1. kenoo (v7): make void, make of none effect, make of no reputation, be in vain; to empty, make empty; of Christ, he laid aside equality with or the form of God; to make void; deprive of force, render vain, useless, of no effect; to make void;
cause a thing to be seen to be empty.

2. tapeinoo (v8): hollow, false, humble, abase, humble (one's) self, bring low; to make low, bring low; to level, reduce to a plain; metaphorically, to bring into a humble condition, reduce to meaner circumstances; to assign a lower rank or place to; to abase; to be ranked below others who are honored or rewarded; to humble or abase myself by humble living; to lower, depress; of one's soul bring down one's pride; to have a modest opinion of one's self; to behave in an unassuming manner; devoid of all haughtiness.

3. hupekoos (v8): obedient, obey; giving ear.

4. huperupsoo (v9): highly exalt; metaphorically, to exalt to the highest rank and power, raise to supreme majesty; to extol most highly; to be lifted up with pride, exalted beyond measure; to carry one's self loftily.

5. Even our best attempts to imitate Jesus (WWJD) can be only that, imitation, aping the example rather than acting from a mind shaped by Christ. (Douglas Chamberlain)

6. We live in a society dominated by rights-activism, permeated with the philosophy of "me first," and molded by the corporate ideals of efficiency and success. The Church must be called to remember that demanding one's rights and privileges may be popular, even necessary in some cases, but if it does so at the expense of Christian unity and love, it is not Christian! (Dennis Bratcher)

7. Today's rooster is tomorrow's feather duster! (Some Wise Philospher!)

8. Jumpeth not on the bandwagon if there's a chance the wheels shall cometh off. (Guru Bob)

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Sermon Illustrations--Holy Week
Rev. Thomas Fischer, M.Div, M.S.A.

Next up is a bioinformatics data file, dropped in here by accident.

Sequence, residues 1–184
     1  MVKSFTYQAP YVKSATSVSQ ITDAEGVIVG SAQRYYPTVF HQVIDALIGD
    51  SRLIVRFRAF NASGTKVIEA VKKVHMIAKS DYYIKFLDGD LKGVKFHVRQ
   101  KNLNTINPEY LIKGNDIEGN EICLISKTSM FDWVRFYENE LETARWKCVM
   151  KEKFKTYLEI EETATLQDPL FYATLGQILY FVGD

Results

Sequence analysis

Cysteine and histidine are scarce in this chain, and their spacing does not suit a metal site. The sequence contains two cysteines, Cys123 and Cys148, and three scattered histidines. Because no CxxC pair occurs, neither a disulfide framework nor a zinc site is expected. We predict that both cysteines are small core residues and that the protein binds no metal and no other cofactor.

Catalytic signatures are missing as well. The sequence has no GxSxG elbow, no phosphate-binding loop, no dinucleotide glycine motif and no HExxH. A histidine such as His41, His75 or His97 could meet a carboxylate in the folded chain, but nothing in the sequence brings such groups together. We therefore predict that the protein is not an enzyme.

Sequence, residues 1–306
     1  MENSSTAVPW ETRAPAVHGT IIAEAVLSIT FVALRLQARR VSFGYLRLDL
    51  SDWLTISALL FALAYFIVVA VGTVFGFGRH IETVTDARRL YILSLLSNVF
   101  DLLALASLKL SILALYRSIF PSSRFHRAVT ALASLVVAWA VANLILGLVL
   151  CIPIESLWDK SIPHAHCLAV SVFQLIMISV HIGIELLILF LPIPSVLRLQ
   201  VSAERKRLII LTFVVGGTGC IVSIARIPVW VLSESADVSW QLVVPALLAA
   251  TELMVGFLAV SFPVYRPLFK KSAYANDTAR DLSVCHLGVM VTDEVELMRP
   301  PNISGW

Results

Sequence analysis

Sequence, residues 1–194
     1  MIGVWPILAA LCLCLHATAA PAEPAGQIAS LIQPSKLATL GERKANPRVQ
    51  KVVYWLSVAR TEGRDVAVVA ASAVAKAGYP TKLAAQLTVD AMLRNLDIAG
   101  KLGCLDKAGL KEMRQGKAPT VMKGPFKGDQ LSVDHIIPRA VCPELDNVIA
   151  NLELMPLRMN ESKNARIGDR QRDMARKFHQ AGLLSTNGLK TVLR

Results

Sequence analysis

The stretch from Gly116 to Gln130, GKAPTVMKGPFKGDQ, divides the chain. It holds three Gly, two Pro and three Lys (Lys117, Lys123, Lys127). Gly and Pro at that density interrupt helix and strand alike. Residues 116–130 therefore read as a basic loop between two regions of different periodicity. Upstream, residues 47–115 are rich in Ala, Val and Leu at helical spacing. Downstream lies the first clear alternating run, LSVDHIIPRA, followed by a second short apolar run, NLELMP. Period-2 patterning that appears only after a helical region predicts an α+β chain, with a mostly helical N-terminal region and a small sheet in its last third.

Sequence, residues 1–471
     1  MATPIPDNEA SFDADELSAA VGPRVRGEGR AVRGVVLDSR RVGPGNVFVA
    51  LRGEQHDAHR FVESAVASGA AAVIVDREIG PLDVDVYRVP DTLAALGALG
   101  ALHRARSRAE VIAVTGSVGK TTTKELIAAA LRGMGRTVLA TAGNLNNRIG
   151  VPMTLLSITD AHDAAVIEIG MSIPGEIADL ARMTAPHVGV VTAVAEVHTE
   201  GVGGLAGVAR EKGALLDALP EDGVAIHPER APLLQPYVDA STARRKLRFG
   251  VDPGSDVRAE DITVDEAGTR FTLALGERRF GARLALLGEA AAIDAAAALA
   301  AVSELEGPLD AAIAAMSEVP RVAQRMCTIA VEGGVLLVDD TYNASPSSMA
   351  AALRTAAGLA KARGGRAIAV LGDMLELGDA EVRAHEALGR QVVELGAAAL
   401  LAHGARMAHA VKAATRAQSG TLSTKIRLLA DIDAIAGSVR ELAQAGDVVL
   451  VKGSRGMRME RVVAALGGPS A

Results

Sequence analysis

1) "The Winner...Dies"

The Mayan Indians had a kind of basketball game in which, at the end, the captain of the winning team was sacrificed--killed--by the captain of the losing team. His head was cut off. What was the message? For the Mayans, the "name of the game was to become worthy to be sacrificed to God."

The idea of being sacrificed, especially the winner being sacrificed, is an idea so foreign to our winner-take-all culture. Yet to the Mayans the sacrifice of oneself was demonstration of the highest ideal of victory. The one who was sacrificed was the one who was victorious. And the one who was most victorious was the one who was sacrificed.

We see the greatest example of the sacrifice as marking the victory in the death and resurrection of Jesus Christ. "Worthy is the Lamb who was slain," the writer of The Apocalypse recorded. It is because of His sacrifice that
Christians celebrate Christ as the Victorious King of Kings and Lord of Lords.

(Adapted from Joseph Campbell, The Power of Myth, New York: Anchor Books, 1988, p135)

2) "Singing Unto Death"

Seventeenth Century Jesuit missionaries recorded an account of the capture and death of an American Iroquois warrior. He had been captured by another group of Native Americans and was about to be tortured--essentially filleted--to death. The young Iroquois warrior knew what was going to occur and the pain of this horrified ordeal and execution. Yet, to the Jesuits' amazement, the young Iroquois is singing and celebrating as if about to celebrate his wedding. He is decorated and loudly dressed. His captors treat him as if he is an honored guest. And the young Iroquois warrior plays along with the whole thing, knowing that he is about to die a most horrific, excruciating death.

"When they had sung a hymn," Matthew recorded, "they went out to the Mount of Olives." (Matthew 26:30)

(Adapted from Joseph Campbell, The Power of Myth, New York: Anchor Books, 1988, p135